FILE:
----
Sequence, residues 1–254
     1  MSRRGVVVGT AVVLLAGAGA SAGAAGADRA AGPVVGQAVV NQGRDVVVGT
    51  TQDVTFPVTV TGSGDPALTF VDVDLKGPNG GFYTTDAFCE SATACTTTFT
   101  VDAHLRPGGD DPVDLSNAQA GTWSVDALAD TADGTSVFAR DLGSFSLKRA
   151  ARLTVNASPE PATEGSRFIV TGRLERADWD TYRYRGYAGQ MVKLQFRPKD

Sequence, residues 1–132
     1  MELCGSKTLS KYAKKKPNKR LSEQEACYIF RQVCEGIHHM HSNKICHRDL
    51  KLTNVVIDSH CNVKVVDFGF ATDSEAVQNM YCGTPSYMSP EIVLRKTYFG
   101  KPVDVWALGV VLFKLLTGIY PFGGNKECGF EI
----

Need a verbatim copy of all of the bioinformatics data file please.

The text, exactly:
Sequence, residues 1–254
     1  MSRRGVVVGT AVVLLAGAGA SAGAAGADRA AGPVVGQAVV NQGRDVVVGT
    51  TQDVTFPVTV TGSGDPALTF VDVDLKGPNG GFYTTDAFCE SATACTTTFT
   101  VDAHLRPGGD DPVDLSNAQA GTWSVDALAD TADGTSVFAR DLGSFSLKRA
   151  ARLTVNASPE PATEGSRFIV TGRLERADWD TYRYRGYAGQ MVKLQFRPKD

Sequence, residues 1–132
     1  MELCGSKTLS KYAKKKPNKR LSEQEACYIF RQVCEGIHHM HSNKICHRDL
    51  KLTNVVIDSH CNVKVVDFGF ATDSEAVQNM YCGTPSYMSP EIVLRKTYFG
   101  KPVDVWALGV VLFKLLTGIY PFGGNKECGF EI